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How to Get
Your School Involved

The opioid epidemic is impacting people of all ages, and young people are no exception. Fifteen percent of North Carolina high school students have taken pain medicine without a doctor’s prescription at some point in their lives (Youth Risk Behavior Survey).

There are many programs and curricula available to help schools and communities foster healthy, resilient young people and discourage the misuse of opioids and other drugs. A number of such programs are discussed by the National Institute on Drug Abuse (NIDA) in this guide. In addition, Blueprints for Healthy Youth Development provides a registry of evidence-based, positive youth development programs designed to promote the health and well-being of children and teens. 

Additional evidence-based tools and curricula specific to the opioid epidemic may be found at LifeSkills Training and Project Alert, as well as at Operation Prevention, a project sponsored by Discovery Education and the U.S. Drug Enforcement Administration.

Student Athletes
At Risk

Student athletes are especially prone to injury, putting them at a higher risk of opioid misuse. For example, males who participate in organized sports are three times more likely to misuse prescribed opioids than non-athletes.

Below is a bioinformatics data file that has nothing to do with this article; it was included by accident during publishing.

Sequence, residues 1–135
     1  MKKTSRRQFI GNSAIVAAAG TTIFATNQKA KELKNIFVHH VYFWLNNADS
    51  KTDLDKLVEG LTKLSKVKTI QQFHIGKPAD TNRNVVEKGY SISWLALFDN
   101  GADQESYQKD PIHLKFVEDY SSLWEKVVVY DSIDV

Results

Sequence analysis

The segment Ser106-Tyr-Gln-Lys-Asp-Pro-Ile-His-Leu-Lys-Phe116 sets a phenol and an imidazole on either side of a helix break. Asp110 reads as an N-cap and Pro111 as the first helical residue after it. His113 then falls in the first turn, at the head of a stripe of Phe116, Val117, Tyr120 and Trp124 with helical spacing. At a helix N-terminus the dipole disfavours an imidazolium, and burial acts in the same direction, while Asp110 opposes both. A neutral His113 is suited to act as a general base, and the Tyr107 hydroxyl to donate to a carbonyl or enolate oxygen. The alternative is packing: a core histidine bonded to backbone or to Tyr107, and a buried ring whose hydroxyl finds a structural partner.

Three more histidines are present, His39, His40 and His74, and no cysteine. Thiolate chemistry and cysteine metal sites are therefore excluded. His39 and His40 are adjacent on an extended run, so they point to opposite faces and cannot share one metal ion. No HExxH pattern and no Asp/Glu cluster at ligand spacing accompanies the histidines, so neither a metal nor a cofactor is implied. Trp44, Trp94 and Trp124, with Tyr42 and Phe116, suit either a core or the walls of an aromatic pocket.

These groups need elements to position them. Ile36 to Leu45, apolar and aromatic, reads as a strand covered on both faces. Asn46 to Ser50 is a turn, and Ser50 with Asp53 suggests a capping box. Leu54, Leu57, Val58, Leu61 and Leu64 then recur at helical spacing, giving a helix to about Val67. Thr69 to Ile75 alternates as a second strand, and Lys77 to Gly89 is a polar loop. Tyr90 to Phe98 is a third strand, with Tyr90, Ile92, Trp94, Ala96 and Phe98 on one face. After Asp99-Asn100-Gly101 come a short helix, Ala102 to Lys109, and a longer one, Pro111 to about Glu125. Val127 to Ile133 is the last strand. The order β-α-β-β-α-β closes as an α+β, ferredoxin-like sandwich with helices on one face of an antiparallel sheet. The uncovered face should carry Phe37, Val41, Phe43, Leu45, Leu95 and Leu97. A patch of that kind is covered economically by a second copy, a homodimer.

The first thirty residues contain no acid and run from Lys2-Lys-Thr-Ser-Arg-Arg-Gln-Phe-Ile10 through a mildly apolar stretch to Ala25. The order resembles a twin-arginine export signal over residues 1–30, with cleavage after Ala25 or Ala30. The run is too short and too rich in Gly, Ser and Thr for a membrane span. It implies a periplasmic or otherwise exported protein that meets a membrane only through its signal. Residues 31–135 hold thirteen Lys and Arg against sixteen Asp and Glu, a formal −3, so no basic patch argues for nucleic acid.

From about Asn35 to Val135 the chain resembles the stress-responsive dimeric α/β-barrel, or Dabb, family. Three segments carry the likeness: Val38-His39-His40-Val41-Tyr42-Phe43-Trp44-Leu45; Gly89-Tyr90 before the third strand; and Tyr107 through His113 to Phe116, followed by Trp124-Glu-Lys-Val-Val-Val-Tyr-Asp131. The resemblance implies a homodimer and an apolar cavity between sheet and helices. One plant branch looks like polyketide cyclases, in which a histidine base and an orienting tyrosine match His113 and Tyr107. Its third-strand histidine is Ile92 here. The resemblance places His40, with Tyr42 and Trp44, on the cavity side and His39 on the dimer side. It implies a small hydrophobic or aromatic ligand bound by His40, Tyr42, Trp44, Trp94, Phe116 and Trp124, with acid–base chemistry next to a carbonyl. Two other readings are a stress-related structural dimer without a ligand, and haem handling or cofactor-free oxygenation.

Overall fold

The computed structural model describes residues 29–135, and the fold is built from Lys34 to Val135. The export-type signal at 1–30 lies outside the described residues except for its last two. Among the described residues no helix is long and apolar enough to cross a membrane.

Student athletes, parents, and coaches need to understand the risks and ask their doctors or other healthcare providers the right questions, including:

  • “What are the risks and side effects of this medication?”
  • “Do I have to finish taking all of these pills?”
  • “When can I switch to acetaminophen or ibuprofen?”

The North Carolina High School Athletic Association (NCHSAA) has partnered with the Department of Justice to distribute this flyer to students, parents, and coaches. Additional information can also be found from the Mountain Area Health Education Center

How Can Schools
Get Help? 

The Department of Public Instruction’s NC Healthy Schools team is available to help schools implement programs and curricula. The team and local partners use the Whole School, Whole Community, Whole Child framework to guide work with School Health Advisory Councils (SHACs), which include school and community partners. The Healthful Living Essential Standards also address drug use in all grades.  

The NC Healthy Schools team is available to help your districts and schools select tools and resources to successfully teach the standards and leverage your SHACs as partners in addressing the opioid crisis and drug misuse in general.